The political parties in the hills, including the Gorkha Janmukti Morcha (GJM), have ruled out talks with the State government and are keenly awaiting a call from the Centre. With no solution in sight, even the Calcutta High Court has questioned the silence of the Centre on the issue. In an order issued by Acting Chief Justice Nisitha Mhatre and Justice Tapabrata Chakraborty (July 14), the Calcutta High Court raised questions on the role of the Centre. The order states, “The Central Government, it appears from its affidavit, has not bothered to ensure supply of essential goods to the districts of Darjeeling and Kalimpong. This is indeed strange.” The judgment further adds s, “When there is widespread turmoil and defiance in these two districts, which has been given wide publicity in the media, one wonders why the Central government has not bothered to ensure the supply of essential goods to the people of the two affected districts.” The Court asked the Centre to take a proactive stance and directed the deployment of four more CRPF companies. Among the stakeholders in Darjeeling hills, the discontent against the Centre is brewing.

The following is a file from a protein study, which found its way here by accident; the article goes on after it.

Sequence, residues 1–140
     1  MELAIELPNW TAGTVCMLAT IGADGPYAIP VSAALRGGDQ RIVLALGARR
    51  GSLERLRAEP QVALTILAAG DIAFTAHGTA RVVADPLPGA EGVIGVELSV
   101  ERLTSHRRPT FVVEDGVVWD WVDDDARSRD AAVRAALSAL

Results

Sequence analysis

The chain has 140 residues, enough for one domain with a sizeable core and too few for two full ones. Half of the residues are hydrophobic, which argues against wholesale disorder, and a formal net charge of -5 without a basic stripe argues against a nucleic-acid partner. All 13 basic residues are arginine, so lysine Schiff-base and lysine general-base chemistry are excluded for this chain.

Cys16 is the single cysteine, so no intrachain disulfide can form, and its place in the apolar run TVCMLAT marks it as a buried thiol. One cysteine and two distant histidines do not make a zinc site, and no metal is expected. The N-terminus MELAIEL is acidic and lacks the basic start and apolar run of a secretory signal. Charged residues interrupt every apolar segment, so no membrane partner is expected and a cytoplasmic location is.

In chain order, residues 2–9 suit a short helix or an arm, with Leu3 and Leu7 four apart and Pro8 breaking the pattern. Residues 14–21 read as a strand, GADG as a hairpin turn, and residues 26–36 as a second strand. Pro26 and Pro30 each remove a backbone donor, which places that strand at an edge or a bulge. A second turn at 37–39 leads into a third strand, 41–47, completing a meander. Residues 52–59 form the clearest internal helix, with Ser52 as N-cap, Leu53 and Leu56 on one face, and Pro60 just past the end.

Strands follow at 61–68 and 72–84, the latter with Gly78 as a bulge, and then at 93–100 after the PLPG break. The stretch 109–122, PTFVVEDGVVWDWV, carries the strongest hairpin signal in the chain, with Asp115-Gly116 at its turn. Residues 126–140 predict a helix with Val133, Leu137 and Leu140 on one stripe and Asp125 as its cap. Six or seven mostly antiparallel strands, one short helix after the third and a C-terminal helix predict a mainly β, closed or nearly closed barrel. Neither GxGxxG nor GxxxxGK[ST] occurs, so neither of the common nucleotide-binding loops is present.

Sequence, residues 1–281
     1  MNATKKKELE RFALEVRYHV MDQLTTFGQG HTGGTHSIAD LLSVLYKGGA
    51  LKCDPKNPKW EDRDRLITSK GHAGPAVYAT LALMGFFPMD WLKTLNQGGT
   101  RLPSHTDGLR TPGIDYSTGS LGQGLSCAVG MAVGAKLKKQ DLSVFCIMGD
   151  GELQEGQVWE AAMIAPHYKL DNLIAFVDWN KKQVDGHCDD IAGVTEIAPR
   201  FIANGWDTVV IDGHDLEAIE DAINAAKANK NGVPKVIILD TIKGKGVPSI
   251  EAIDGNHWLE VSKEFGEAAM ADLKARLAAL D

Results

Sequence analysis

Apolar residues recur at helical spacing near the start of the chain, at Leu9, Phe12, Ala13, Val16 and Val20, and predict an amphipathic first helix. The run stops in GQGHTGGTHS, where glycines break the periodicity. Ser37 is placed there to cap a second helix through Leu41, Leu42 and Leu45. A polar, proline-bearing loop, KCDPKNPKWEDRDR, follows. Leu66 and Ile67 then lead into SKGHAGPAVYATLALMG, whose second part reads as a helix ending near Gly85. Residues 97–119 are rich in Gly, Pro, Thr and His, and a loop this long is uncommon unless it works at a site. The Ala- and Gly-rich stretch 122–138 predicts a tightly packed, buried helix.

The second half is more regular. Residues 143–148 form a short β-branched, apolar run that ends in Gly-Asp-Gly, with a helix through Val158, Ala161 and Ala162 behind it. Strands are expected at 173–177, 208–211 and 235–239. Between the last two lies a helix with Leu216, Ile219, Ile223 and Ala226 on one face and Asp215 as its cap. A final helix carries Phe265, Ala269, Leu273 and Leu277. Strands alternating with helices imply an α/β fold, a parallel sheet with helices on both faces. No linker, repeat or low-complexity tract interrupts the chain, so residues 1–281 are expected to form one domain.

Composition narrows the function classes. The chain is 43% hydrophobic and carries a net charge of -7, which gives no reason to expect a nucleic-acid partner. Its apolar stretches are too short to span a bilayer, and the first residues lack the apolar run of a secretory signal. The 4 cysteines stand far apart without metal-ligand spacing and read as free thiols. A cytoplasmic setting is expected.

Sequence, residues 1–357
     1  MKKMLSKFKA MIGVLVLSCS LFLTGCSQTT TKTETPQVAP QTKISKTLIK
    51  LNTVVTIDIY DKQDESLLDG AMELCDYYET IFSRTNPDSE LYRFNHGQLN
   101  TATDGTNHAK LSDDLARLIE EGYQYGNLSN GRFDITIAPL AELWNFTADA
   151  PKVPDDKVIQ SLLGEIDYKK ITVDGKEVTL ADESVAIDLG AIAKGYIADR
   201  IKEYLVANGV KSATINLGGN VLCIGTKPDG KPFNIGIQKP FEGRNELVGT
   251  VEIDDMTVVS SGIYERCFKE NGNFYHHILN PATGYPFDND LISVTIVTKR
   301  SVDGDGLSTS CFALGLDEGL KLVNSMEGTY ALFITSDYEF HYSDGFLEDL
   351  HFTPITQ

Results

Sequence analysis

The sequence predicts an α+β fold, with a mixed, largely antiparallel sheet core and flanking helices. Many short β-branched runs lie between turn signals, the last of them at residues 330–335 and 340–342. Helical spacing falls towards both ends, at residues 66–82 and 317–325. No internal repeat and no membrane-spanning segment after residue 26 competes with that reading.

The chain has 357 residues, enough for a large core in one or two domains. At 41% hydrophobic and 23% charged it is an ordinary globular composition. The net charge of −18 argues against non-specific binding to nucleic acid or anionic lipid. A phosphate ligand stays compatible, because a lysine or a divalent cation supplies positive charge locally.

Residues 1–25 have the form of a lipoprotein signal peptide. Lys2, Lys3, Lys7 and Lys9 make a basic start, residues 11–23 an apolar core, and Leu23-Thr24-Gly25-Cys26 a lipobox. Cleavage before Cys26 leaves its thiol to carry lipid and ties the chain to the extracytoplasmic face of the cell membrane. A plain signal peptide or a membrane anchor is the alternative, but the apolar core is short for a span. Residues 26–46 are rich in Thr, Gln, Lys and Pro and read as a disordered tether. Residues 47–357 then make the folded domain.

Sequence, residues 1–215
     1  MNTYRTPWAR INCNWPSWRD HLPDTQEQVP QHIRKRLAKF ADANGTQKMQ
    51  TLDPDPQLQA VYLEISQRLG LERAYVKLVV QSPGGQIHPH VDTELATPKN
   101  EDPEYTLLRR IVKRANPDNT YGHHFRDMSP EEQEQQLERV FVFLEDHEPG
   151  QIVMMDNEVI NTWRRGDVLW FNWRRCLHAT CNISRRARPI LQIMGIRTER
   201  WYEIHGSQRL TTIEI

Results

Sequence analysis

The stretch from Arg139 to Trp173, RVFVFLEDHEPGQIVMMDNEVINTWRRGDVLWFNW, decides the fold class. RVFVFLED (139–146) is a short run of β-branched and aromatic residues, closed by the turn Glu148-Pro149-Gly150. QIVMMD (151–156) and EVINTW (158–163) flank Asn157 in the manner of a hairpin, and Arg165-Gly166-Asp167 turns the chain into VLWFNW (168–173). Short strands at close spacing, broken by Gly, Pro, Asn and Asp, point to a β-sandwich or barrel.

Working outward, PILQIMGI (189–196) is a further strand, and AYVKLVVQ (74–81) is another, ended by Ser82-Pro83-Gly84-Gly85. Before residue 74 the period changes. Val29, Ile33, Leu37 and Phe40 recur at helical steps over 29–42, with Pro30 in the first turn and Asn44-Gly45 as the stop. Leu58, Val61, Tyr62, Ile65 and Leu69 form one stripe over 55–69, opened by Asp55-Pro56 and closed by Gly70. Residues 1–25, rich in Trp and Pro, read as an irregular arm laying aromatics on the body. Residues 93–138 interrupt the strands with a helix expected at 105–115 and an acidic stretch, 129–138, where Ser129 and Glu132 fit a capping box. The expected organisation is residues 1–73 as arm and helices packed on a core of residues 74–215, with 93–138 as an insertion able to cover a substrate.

Munish Tamang, the national working president of the Bharatiya Gorkha Parisang also expressed surprise, “We are dismayed by the silence of the Centre. There are rumblings among the members of the Gorkhaland Movement Coordination Committee ( GMCC) that this cannot go on for long.” Mr. Tamang said more than the Mamata Banerjee government, which had never spoken in favour of Gorkhaland, protests should be directed at the ruling party at the Centre which won two elections in the hills by encouraging the idea of Gorkhaland. According to Mr. Tamang, the people of the hills were willing to endure hardship as long as the movement did not stray from its course.